India to add 12 GW thermal capacity by March: RK Singh

New Delhi: India will add about 12 GW of coal-based power generation capacity by the end of this financial year amid rising power demand, power minister RK Singh said on Monday.

The additional 12 GW capacity and the gas-based power plants kept as a reserve would make up the estimated increase in the next financial year, the minister said while speaking to reporters on Monday. He said that there has been a growth of about 20% in the demand for power in the country in the last three months.

“We have a substantial resource that is up and running, which is to be commissioned. By March, we expect to have about 12,000 MW (thermal capacity) commissioned. That more than makes up the gap. That and the fact that we monitor daily where the deficit is, which state has a deficit and which resource in that state was not scheduled. So we’re monitoring that and we’ve said the unscheduled outages will have to come down.”

Earlier in the day, addressing the opening session of the National Conference of Ministers of State & UTs of Power and New & Renewable Energy, the Minister said that a total of around 80 GW of thermal plants must be built to meet the demand is growing and the need for private investments in coal-based power generation has been emphasized.

“Earlier, around 25,000 MW were being built, mainly in the public sector. But this was not enough; therefore, we started working on adding 25,000 MW, but we need to start working on an additional 30,000 MW. ie, we have about 80,000 MW of thermal capacity under construction. All this increase in capacity is being done through the public sector, investment from the private sector has not started to come, but I am sure that investments will come from the private sector, because we have made the system viable and the sector is giving results.”

The minister also said that some states are not operating their plants at their full capacity despite instructions from the Centre.

“We notice that some states are not running their power plants at peak capacity and instead seek power from the Centre’s pool. If some state is not running their plants at peak demand, we will not be able to supplement from the central pool. We need to focus on making sure that all of our plants operate and that all of our factories operate at full capacity,” he told the states.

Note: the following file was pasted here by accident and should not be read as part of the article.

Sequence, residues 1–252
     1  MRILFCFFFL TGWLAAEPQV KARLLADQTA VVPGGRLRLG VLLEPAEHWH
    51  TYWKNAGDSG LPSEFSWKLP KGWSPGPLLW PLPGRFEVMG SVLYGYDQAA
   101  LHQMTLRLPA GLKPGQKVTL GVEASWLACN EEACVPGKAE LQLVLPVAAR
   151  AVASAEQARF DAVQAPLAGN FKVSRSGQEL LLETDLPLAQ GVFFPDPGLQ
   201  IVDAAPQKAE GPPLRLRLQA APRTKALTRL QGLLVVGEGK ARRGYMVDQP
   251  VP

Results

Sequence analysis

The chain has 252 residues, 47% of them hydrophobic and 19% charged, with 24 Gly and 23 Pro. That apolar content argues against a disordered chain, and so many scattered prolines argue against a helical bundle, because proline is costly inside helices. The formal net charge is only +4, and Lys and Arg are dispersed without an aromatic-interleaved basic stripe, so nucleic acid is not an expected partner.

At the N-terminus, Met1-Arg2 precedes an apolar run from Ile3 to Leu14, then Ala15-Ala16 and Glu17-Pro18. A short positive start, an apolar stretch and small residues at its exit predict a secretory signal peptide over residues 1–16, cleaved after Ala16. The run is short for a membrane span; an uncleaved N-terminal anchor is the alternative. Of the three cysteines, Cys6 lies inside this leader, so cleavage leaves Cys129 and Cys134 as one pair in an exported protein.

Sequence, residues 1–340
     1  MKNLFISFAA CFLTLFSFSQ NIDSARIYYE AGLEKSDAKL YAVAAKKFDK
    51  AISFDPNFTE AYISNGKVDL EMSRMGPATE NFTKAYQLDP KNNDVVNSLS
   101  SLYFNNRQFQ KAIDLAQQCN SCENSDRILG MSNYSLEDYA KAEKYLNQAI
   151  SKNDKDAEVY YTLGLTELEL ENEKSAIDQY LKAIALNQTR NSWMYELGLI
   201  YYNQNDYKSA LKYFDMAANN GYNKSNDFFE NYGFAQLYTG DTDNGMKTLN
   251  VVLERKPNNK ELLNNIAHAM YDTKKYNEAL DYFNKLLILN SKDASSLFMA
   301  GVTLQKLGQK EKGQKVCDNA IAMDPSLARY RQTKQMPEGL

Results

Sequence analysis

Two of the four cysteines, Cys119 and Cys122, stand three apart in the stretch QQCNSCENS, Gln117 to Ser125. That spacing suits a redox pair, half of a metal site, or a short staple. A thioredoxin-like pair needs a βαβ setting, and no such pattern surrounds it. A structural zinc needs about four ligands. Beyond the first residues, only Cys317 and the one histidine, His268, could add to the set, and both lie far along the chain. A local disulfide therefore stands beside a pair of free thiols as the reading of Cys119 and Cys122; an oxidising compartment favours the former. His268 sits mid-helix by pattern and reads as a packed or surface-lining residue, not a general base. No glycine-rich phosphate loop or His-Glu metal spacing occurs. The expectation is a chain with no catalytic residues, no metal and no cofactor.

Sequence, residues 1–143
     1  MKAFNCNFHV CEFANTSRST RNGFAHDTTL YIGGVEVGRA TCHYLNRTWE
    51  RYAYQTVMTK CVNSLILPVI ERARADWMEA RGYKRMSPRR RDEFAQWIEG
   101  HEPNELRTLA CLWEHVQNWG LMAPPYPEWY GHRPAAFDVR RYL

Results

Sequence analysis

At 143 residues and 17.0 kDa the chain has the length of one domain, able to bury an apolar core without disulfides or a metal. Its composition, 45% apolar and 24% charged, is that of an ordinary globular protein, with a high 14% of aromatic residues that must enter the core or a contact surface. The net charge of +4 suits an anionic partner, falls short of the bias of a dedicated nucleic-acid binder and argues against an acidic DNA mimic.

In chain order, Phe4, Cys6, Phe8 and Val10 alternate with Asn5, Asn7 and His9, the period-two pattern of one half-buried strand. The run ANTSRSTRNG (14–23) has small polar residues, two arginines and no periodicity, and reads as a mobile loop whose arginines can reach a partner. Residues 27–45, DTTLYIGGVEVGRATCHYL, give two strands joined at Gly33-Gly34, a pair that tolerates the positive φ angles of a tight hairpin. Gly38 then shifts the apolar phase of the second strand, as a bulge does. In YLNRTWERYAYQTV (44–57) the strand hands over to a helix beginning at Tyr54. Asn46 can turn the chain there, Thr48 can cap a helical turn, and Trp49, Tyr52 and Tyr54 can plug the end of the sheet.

Addressing the press conference, RK Singh also said that all power generation companies are directed to generate power at full capacity and after meeting the contractual demand they would have to compulsorily offer it to exchanges. Singh said the gencos would not be able to benefit from their fixed charges if they do not operate at full capacity and do not offer their additional power at the exchanges.

“We have a gas-based resource that we keep in reserve. That gas-based resource we are going to use to meet that demand for non-solar hours. Overall, we have also ensured and will continue to ensure that the imported coal-based plants that run fully are made available to the PPA and if not to the PPA holder then to the exchange.”

Speaking to reporters on the sidelines, Pankaj Agarwal, secretary, union power ministry, said that by 2032 an additional 75 GW thermal capacity would be added. Most of the plants would be set up near the tail end of the coal mines to ensure a steady supply of coal.

The minister also said that it has been suggested to states to develop new plants near pitheads.

The focus on adding thermal capacity comes amid increased power demand. Peak power demand hit a record 239.9 GW on 1 September. The projected peak demand in FY24 was 230 GW.

According to data from the power ministry, as on May 31, India’s installed thermal power capacity stood at 205.23 GW.

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Updated: 06 November 2023, 09:06 PM IST

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